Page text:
Monday, August 16, 2010

"The Blowout"

I spent yesterday hiking above and west of the town of Ouray Colorado. At one point we had an awesome view of what is locally known as "the blowout". This highly mineralized area is actually a Larimide intrusion effectively marking the center of the Ouray Mining District. At about the turn of the era (late Cretaceous-early Paleogene), Colorado was upset with numerous magma invasions along an ancient (Precambrian) structural zone, called the Colorado Mineral Belt. The blowout is just our little part of the whole belt. The mines in the area are all related to the laccolith that forms the blowout. I found an older paper, written in 1947 that suggests that the center of the mineralization was mainly magnetite-pyritic ores with little gold and silver but that just a short distance outward ores containing pyritic gold and even some native gold could be found. As this fall rolls around, I hope to climb up and explore some of the mines in the area and will try to share my findings. My background is notoriously blank in geo-chemistry and so as usual I will keep things simple.

I just saw that this is post #100!

The blowout, now known as a source of gravel when the afternoon summer thunderstorms deluge the small catchment area.
Another view. You can just make out parts of town in the lower left.

Monday, August 9, 2010

Forgot the camera

Last week was spent on a favorite section of the green River through Labyrinth Canyon. Because I have traveled this stretch so many times, I decided to leave the camera at home.


The flash flooding was awesome. Whole sand bars gone, with new ones created downstream. Almost every side canyon through Labyrinth had flashed leaving large holes through the sand that is normally found as each tributary reaches the main stem.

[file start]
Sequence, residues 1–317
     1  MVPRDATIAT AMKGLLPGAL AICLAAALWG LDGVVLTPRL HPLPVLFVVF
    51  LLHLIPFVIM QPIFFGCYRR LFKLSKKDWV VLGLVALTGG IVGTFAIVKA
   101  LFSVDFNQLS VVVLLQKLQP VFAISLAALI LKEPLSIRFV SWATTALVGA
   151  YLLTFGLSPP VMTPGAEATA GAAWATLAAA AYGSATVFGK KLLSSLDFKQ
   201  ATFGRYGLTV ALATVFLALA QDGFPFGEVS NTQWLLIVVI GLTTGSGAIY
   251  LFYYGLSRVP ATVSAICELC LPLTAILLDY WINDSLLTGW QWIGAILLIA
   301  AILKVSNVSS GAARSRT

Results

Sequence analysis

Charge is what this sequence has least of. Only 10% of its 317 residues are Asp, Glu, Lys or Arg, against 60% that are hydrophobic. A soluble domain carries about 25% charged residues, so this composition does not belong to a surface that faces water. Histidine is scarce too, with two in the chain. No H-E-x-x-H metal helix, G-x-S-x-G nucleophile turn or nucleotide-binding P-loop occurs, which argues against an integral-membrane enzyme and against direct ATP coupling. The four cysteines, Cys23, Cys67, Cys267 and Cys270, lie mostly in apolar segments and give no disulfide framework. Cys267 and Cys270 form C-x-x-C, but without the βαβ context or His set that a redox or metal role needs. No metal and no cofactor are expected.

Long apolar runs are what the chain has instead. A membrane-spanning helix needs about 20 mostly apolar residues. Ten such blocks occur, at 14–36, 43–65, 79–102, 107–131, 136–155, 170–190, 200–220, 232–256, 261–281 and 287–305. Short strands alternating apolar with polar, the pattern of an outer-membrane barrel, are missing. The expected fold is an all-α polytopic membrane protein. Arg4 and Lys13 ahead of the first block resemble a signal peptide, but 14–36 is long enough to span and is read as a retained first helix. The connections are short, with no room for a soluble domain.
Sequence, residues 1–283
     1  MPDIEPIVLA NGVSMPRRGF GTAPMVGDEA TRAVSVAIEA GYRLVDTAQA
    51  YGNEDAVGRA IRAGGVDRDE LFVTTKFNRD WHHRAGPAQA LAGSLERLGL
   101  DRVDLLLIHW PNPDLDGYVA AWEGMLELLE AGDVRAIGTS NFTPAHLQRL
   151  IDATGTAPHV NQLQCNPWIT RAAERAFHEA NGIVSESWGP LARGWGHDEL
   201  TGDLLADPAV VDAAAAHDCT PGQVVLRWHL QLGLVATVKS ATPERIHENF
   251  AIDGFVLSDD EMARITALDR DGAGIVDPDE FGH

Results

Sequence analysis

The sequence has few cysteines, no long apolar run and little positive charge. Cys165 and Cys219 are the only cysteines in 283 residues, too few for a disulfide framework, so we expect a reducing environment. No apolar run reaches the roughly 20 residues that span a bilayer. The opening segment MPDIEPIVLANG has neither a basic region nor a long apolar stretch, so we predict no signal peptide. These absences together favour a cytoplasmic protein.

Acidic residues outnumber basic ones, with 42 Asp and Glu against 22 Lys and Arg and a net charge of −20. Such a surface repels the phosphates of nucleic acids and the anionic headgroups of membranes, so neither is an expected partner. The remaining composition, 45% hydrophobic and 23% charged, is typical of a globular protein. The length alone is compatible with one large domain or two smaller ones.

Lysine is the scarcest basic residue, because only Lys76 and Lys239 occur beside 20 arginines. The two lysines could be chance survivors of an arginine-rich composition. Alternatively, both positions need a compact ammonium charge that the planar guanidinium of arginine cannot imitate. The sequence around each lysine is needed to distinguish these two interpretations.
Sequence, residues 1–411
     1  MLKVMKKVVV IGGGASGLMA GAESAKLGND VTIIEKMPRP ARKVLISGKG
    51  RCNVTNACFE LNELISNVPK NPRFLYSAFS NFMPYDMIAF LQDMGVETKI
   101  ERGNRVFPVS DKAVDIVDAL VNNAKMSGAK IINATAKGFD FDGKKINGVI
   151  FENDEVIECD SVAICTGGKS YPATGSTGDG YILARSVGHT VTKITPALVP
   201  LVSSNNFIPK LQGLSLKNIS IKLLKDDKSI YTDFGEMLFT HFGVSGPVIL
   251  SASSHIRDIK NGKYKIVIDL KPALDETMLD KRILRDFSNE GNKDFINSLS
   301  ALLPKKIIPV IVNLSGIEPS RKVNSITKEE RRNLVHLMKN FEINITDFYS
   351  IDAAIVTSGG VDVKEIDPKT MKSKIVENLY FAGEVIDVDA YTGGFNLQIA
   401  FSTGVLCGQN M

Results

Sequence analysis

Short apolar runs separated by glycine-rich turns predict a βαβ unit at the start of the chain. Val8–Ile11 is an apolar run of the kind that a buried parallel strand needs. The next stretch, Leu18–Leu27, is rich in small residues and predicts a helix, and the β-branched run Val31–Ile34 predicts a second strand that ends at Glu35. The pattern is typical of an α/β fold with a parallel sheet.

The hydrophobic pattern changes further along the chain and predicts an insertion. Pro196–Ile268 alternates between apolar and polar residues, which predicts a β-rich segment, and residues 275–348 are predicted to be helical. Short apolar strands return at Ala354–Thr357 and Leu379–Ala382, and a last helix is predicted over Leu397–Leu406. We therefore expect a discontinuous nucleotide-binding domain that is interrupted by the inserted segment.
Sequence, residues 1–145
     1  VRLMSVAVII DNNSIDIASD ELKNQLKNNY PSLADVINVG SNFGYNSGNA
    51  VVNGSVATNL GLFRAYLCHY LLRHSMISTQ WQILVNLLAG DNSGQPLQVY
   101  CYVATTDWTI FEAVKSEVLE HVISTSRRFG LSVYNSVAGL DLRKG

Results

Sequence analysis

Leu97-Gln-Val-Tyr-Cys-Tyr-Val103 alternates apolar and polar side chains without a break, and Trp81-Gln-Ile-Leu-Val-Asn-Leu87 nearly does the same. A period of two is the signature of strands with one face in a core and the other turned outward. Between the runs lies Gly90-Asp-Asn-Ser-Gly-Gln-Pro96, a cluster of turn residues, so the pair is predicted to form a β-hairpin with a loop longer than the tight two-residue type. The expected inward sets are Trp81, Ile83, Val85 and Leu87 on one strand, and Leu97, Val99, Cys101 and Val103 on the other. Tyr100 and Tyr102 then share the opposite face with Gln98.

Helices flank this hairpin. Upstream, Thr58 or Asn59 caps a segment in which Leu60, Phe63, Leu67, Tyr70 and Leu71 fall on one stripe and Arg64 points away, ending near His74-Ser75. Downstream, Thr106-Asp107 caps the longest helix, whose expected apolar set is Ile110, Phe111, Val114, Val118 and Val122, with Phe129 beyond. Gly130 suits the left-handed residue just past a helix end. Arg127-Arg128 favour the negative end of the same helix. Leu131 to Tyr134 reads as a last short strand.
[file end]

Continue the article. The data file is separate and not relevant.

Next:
A lightning storm that is easily the best light show I have ever experienced. (of course lightning is notoriously difficult to catch on digits)

That will teach me.

Sunday, August 1, 2010

Class time

As in most states, public K12 teachers must collect some college credits every so often in order to keep their license current. A crazy notion in Colorado is that I can't get credit for the classes I teach, so I signed up for a few classes to reup my license for the next few years. Not surprisingly, I decided to take a geology class that uses river craft to explore an area.

This class used rafts and canoes to float the Green River from the Flaming Gorge Dam through the Gates of Ladore into Dinosaur NM. It was fun exploring a site close to where I do most of my work. Many rock units were the same as on the Colorado Plateau while others were new to me. What fun! Geology aside, it was interesting to watch an instructor and see how she taught. The canoeing and rafting wasn't hard to take either. I know have my requisite credits and soon should have my license approved for the next five years.

The geologic time walk. The instructor took us on a little hike with each step as one million years, giving a whole new meaning to "that was one small step for a man". It is always fun to see how different instructors try and explain the vastness of time.
The Green River in Ladore Canyon. The Ladore formation is a Cambrian sandstone that lies above the Uinta Mountain Group, a late Proterozoic sandstone/conglomerate. Between the two is a 480 million year unconformity.
Ducky-ing into Split Mountain. One of my highlights was to look at the same evidence as John Wesley Powell and see how he came up with his two working hypothesis of an "antecedent canyon" or a "superimposed canyon".
The antecedent canyon had the river channel established first. Subsequent uplift was slow enough that the river followed its original channel as it cut deeper.
The superimposed canyon had geology first, where bedrock was deformed and then buried under sediment. At a later date, a river eroded through the sediment and eventually cutting into the harder bedrock creating a conundrum for hydrologists.

Powell's notes suggest he leaned towards the antecedent method while more modern reports lean the other way towards a superimposed canyon.
Deformation at the entrance to Split Mountain. The Split Mountain Anticline. The opposite side of Split Mountain can be seen with one of Ron's gigapan images.